“I keep feeling that bar across my lower back at the end of my run.”
My client was confused.
She’d been running for years but this is the first time she had felt this.
It never bothered her around her home.
Strange thing was that short runs were fine. Luckily, the tension she felt never stopped her from running. It did help that she rarely ran two days in a row. This enabled her back to recover from the tension.
She became worried that it might get worse.
The good thing was that I couldn’t recreate her pain.
Why was this a good thing?
I had an idea what could be going on. When only long distance runs cause pain along the back, it usually means that abdominal endurance needs to be built up.
It became even more clear that it was abdominal endurance when she mentioned she hadn’t been able to do her small workouts for the past month.
I updated her program to include a few more abdominal exercises and within a few weeks, she was able to increase her distances without the tension.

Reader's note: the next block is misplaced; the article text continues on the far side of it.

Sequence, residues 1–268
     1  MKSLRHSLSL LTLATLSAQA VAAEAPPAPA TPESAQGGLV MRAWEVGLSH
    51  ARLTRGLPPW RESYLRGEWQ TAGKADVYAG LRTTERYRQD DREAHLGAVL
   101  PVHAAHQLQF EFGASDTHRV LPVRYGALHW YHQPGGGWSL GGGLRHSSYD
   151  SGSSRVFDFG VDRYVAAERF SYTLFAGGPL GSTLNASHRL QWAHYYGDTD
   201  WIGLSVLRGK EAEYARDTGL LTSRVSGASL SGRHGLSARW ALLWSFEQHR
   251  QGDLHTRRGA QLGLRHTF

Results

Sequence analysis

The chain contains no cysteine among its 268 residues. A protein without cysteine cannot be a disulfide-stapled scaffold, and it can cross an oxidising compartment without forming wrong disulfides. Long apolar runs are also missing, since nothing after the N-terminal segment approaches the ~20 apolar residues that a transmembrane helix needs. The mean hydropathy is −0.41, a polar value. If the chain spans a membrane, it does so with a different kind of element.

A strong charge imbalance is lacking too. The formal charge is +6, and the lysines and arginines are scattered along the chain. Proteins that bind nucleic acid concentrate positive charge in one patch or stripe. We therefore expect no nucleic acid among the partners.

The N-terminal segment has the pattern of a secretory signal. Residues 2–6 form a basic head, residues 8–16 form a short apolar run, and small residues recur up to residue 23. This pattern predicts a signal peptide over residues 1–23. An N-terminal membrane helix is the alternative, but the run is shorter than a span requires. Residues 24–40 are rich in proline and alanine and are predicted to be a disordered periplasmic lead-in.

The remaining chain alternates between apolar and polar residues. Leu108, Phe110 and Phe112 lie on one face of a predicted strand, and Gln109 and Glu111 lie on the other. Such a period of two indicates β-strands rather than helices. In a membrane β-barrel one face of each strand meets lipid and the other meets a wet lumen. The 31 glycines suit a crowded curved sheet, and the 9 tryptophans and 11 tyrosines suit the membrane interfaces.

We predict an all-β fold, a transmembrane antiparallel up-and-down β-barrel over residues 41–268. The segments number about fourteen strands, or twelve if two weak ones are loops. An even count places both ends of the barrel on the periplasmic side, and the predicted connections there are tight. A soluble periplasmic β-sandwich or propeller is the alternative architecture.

It didn’t take long for her to get back to running at her normal distances. Even consecutive day runs were pain free!
If you’re in a similar situation, then I’d suggest trying these exercises daily for two weeks. Ideally lowering your distance for a short time will really help speed up the process.
These exercises are a bit more challenging than what I would give to a beginner.
Mountain climber (with elastic): This mountain climber is a slow and controlled exercise. The use of a ball makes it much harder, so you can lean against a couch or bench. The goal is to control the torso while lifting the leg. Goal: 4x10/leg.
Bear plank kick back: Once again, the body should not be shifting too much during this exercise. The goal is to keep the body steaky while the leg kicks back. Notice how the leg is not kicking up, this will round the back automatically. Goal: 4x10/leg.
Lying leg curl: This exercise is often used for the hamstrings, but the abs must have the endurance to allow several sets and reps. Often we see the hips lowering with each repetition. Goal: 4x10
You may want to start with 3 sets for each exercise and build to 4 sets.
It should never feel like there’s tension (or pain) in the lower back. If you do, check your technique and try again.